Because there can be no other way, my boy. It’s hard and it’s stressful and nobody in their right mind would ever choose this path voluntarily, and although we all certainly wish that this wasn’t the route we had to take, take it we shall, together, arm in arm, hand in hand, and we’ll be okay.

It will be okay.

I know, Owen. Your life has been hard. Really hard. I don’t know anybody that would have chosen to live your life, but that’s okay. There’s not a lot of people who would ever choose struggle or pain or sorrow. But that’s their loss, not their gain, for as you are most certainly aware, hardship does not reduce life, it creates it. Love is pain, and from the strife and struggles comes beauty and blessings. Challenges are also blessings, buddy, for all of the amazing lessons and growth that they create. I think that we can all agree that when it comes to challenges, you are fully blessed. For a three year old kid, you know more about struggle than most grown men and have learned more about love than most daydreaming poets.

And your dad, Owen. Wow. I am completely in awe of that guy every… single… day. Even though he sometimes thinks he’s weak, or inadequate, or not doing enough for you, for her, for his family, I promise you this, Owen: He’s wrong. He gets up every damn morning filled with such an endless love, patience and determination overflowing from his soul that it melts my heart. Some days he has a smile on his face and some days you can just tell that his heart is filled with tears, that he is drowning inside, that he is hurting like nobody deserves to ever hurt, but yet he faces the day, and he inspires the family, and he makes you smile like only a proud and loving father can, like only a good man could, and it’s just so fucking beautiful that I feel my soul crying out for something to cling to, someone to embrace, hoping to dance for just a moment, cheek to cheek, with something whole and clean and pure, anything at all, until the music stops.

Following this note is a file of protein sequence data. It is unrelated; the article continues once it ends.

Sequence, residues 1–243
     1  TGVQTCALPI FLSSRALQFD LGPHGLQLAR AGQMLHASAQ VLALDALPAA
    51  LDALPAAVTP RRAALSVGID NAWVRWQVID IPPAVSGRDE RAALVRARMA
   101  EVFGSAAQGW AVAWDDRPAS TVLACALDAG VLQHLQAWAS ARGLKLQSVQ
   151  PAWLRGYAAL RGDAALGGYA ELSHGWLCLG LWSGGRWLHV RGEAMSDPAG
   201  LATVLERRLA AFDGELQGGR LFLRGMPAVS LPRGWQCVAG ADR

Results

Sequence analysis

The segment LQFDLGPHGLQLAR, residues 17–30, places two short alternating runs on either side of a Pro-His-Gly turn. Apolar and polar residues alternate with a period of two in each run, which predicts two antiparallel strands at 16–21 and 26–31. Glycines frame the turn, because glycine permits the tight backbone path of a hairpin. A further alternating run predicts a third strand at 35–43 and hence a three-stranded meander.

But look, Owen, it’s a tough hand we’ve been dealt here. I’m not going to lie: things are crazy right now. Lives are being changed forever, and every day is a memory we’re making as one cohesive unit. Like Baba said, we’re rowing the boat together – you, me, us.

And in that regard, it’s just like life, little dude, where pain is an opportunity for growth and challenges are opportunities for learning. We face strife, and we overcome. That’s all it’s about, Owen. Face it, beat it. Face it, beat it. It’s all that we can do. Life, at its core, it turns out, is really fucking hard but yes, it’s punctuated by unbelievable moments of pure joy and bliss that makes things not only bearable, but beautiful, and yes, every staggering step forward is a step away from a setback and yes, we keep walking and we don’t ever stop, and yes, we go from one point to the next, writing our stories with every achievement, setback, skinned knee, band-aid, hug, and heartache we have seen, felt and experienced along the way and in that regard, life is a revelation.

Our saving grace is that we don’t have to do it alone, Owen – none of us do. I’ve seen the way our family leans on one another, taking turns at being the support and being the supported, and I know it’s no coincidence that you ended up in our arms, and perhaps more importantly, us in yours.

You’ll be okay, Owen, and so will we.

It will be okay.

Again, and again, and again…